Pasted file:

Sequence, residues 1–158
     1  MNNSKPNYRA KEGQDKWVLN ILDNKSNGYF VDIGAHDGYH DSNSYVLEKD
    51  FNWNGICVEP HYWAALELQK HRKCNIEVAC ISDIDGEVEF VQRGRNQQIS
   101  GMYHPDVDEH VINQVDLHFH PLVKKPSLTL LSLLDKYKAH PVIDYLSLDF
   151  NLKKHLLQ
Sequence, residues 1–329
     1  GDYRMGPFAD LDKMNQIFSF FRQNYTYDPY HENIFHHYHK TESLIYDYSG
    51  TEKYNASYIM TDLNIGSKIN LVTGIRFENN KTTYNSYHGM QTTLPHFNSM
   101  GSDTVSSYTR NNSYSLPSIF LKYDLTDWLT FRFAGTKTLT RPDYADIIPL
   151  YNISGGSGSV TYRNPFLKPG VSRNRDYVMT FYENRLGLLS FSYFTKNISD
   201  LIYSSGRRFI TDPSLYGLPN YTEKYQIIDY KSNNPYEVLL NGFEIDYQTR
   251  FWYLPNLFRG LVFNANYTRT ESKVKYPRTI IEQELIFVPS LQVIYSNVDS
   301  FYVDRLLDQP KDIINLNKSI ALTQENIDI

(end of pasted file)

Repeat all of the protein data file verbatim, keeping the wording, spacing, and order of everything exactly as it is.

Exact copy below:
Sequence, residues 1–158
     1  MNNSKPNYRA KEGQDKWVLN ILDNKSNGYF VDIGAHDGYH DSNSYVLEKD
    51  FNWNGICVEP HYWAALELQK HRKCNIEVAC ISDIDGEVEF VQRGRNQQIS
   101  GMYHPDVDEH VINQVDLHFH PLVKKPSLTL LSLLDKYKAH PVIDYLSLDF
   151  NLKKHLLQ
Sequence, residues 1–329
     1  GDYRMGPFAD LDKMNQIFSF FRQNYTYDPY HENIFHHYHK TESLIYDYSG
    51  TEKYNASYIM TDLNIGSKIN LVTGIRFENN KTTYNSYHGM QTTLPHFNSM
   101  GSDTVSSYTR NNSYSLPSIF LKYDLTDWLT FRFAGTKTLT RPDYADIIPL
   151  YNISGGSGSV TYRNPFLKPG VSRNRDYVMT FYENRLGLLS FSYFTKNISD
   201  LIYSSGRRFI TDPSLYGLPN YTEKYQIIDY KSNNPYEVLL NGFEIDYQTR
   251  FWYLPNLFRG LVFNANYTRT ESKVKYPRTI IEQELIFVPS LQVIYSNVDS
   301  FYVDRLLDQP KDIINLNKSI ALTQENIDI